7. After a large quake most cellphone and landline service will be out. Listen to a portable or car radio for information if TV and power are out.
8. If water is still on after a quake you might want to fill water bottles and tub for water. Most likely water mains will have broken and you will lose pressure fast.
9. Check for anything that has fallen outside. This includes power-lines and hazardous structures.
10. Check neighbors and see if they are ok. If they are not home turn off their gas. The number one threat after a quake are fires. Most water mains will be broken and no water will be available to fight fires. If a house near yours catches on fire, it will spread.
11. Keep freezer and refrig closed. Power will be off and items will last longer if you don't open the doors much.
12. Check your water heater and toilets. Don't use or flush them. If the water mains are broken you can use the water in the water heater and toilet reservoir tank until they get water trucked into your area and the mains get fixed. Pool and spa water can be used for washing water if you have access to them.
Fault Attributes Key
NAME is an 80-character field for the name of the fault (including section name,
i.e., Denali fault, Holitna section). Fault and section are lower case.
CODE is a three-integer field.that defines certainty or reliability of field mapping
(integer one), time of most recent movement (integer two), and amount or rate of slip (integer three).
CODE is composite of the single integer fields ACODE, SLIPCODE, and FCODE
and determines the line type (fault trace) to be plotted.
NUM is a six-character unique USGS identifier that defines a fault or section id. Simple fault
ids are only numeric; section ids are alpha numeric.
AGE is the upper bounding time of the most recent surface-deforming earthquake. The allowable
choices are provided in a pull-down menu.
ACODE is the second integer in CODE and defines the upper bounding time of the most recent
Permissible values are between 1 and 6: 1=historic «150 years; red =cmyk 1096680);
2= post glacial (15,000 years; orange = cmyk 1 38 1000);
3 = late Quaternary «130,000 years; green> cmyk 1002500);
4 =middle and late Quaternary «750,000 years: blue > cmyk 1004440);
5 =Quaternary «1,600,000 years; black 5);
6 = Class B (black halftone)
In the text documentation, Quaternary faults (integer two, 1-5) are Class A structures. Questionable or
suspected structures are Class B (integer two, 6).
SLIPRATE is the assigned slip rate category.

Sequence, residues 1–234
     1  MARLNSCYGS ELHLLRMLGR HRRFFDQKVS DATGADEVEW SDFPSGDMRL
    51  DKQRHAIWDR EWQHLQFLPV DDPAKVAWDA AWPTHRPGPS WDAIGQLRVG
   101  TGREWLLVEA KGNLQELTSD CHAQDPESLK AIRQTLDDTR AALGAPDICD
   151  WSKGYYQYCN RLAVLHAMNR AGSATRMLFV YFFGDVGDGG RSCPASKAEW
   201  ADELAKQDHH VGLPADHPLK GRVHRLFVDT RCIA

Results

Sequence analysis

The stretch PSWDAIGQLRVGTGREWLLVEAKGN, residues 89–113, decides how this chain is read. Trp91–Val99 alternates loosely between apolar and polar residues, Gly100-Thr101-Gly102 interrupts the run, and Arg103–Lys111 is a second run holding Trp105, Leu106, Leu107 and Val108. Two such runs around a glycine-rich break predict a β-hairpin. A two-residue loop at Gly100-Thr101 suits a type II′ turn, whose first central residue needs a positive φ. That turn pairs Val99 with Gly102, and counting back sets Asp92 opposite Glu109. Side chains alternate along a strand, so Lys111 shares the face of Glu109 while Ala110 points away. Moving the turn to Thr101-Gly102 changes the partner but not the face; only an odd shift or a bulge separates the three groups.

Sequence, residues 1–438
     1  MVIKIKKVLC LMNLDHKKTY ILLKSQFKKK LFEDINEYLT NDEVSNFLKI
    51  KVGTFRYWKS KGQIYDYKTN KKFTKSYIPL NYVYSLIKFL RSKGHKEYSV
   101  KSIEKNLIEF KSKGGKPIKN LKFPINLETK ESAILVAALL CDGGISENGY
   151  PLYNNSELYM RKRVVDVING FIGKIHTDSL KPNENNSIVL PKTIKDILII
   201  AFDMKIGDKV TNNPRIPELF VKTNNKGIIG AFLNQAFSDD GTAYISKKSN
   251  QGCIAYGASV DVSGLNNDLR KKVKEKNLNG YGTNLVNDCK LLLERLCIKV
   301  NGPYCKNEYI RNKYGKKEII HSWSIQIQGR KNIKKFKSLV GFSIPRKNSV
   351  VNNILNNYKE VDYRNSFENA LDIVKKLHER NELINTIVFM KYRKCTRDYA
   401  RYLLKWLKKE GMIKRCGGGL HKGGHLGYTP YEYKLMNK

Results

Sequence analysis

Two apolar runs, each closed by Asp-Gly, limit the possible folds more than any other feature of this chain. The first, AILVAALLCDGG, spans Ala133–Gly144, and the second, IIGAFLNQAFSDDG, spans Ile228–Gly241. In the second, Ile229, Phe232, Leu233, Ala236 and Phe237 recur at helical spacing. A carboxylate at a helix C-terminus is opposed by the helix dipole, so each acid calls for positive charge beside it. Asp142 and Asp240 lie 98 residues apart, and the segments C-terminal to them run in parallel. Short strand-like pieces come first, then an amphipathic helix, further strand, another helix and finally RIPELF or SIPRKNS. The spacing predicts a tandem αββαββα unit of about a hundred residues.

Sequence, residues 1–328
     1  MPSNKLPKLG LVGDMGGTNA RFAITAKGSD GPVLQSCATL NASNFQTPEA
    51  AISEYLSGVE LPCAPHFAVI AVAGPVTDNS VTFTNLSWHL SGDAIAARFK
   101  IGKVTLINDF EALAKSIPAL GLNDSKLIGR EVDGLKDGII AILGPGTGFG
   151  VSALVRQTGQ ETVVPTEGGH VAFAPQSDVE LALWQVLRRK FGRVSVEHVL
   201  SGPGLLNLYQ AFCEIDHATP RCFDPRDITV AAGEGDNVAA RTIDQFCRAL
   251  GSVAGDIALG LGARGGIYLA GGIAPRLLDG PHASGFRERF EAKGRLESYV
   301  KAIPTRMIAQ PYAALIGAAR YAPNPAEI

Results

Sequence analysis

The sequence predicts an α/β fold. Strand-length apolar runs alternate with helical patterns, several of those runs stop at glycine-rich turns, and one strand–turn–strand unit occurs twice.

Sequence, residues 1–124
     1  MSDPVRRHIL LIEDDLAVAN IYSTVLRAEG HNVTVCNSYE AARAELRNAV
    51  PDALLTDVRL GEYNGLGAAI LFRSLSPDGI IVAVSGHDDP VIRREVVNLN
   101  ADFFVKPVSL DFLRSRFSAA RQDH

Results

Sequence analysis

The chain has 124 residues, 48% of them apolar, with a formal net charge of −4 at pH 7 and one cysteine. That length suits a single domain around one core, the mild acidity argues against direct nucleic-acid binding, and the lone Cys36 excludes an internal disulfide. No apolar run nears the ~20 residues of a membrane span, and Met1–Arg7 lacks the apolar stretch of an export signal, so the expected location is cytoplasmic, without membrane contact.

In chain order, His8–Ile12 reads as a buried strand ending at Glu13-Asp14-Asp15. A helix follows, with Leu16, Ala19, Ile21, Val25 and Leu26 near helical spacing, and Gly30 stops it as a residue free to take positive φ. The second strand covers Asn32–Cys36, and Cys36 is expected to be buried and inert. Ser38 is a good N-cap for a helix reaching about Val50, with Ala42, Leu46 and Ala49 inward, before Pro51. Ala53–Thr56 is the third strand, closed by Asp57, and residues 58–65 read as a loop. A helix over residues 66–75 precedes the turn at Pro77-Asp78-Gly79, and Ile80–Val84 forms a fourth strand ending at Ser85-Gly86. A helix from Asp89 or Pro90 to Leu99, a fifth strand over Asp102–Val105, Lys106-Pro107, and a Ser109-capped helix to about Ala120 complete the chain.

SLIPCODE is the third integer in CODE and defines the assigned slip rate category. Permissible
values are between 1 and 4 and determines line width:
1=>5 mm/year (extra wide; .048):
2 =1-5 mm/year (wide; .0325):
3 =0.2-1 mm/year (medium; .025);
4 =<.2 mm/year (thin; .015)
SLIPSENSE is normal, reverse, strike slip, thrust
DIPDIRECTION is one of the eight quadrant dip directions for the entire fault or section, not the
individual arc. C = center E =east N_ =north NE =northeast NW =northwest S =south SE =southeast SW =
southwest W_ =west
SLIPDIRECT (we are not using that field anymore and can be left empty) FCODE is the first integer
in CODE and defines how well the fault is located and expressed in the landscape. Permissible values are
between 1 and 3:
1 = fault landforms are more continuous than discontinuous and mapping is accurate at
given MAPPEDSCALE (solid);
2 = fault landforms are more discontinuous than continuous and mapping is accurate at
given MAPPEDSCALE (dashed);
3 = location of fault is inferred (dotted)
FTYPE is one of three allowable choices provided in a pull-down menu: Well constrained (FCODE 1),
Moderately constrained (FCODE 2), and Inferred (FCODE 3)
MAPPEDSCALE is one of four allowable choices provided in a pull-down menu.
Mapped scale will control visualization of the fault at various scales.
1:24,000, fault should be more continuous than discontinuous and mapping is accurate at <10,000 scale.
1:50,000, fault should be more continuous than discontinuous and mapping is accurate at <25,000 scale.
1:100,000, fault could be more discontinuous than continuous and mapping is accurate at <50,000 scale.
1:250,000, fault location may be inferred or is poorly constrained.
Click on the fault lines for more information.
Note* The earthquake faults are color coded by unique name and section not type.
Data source: USGS
CCCarto is not responsible for data errors or omissions, use as reference only.
Other Earthquake Fault Maps:
Other Web Maps:
Main Web Map Index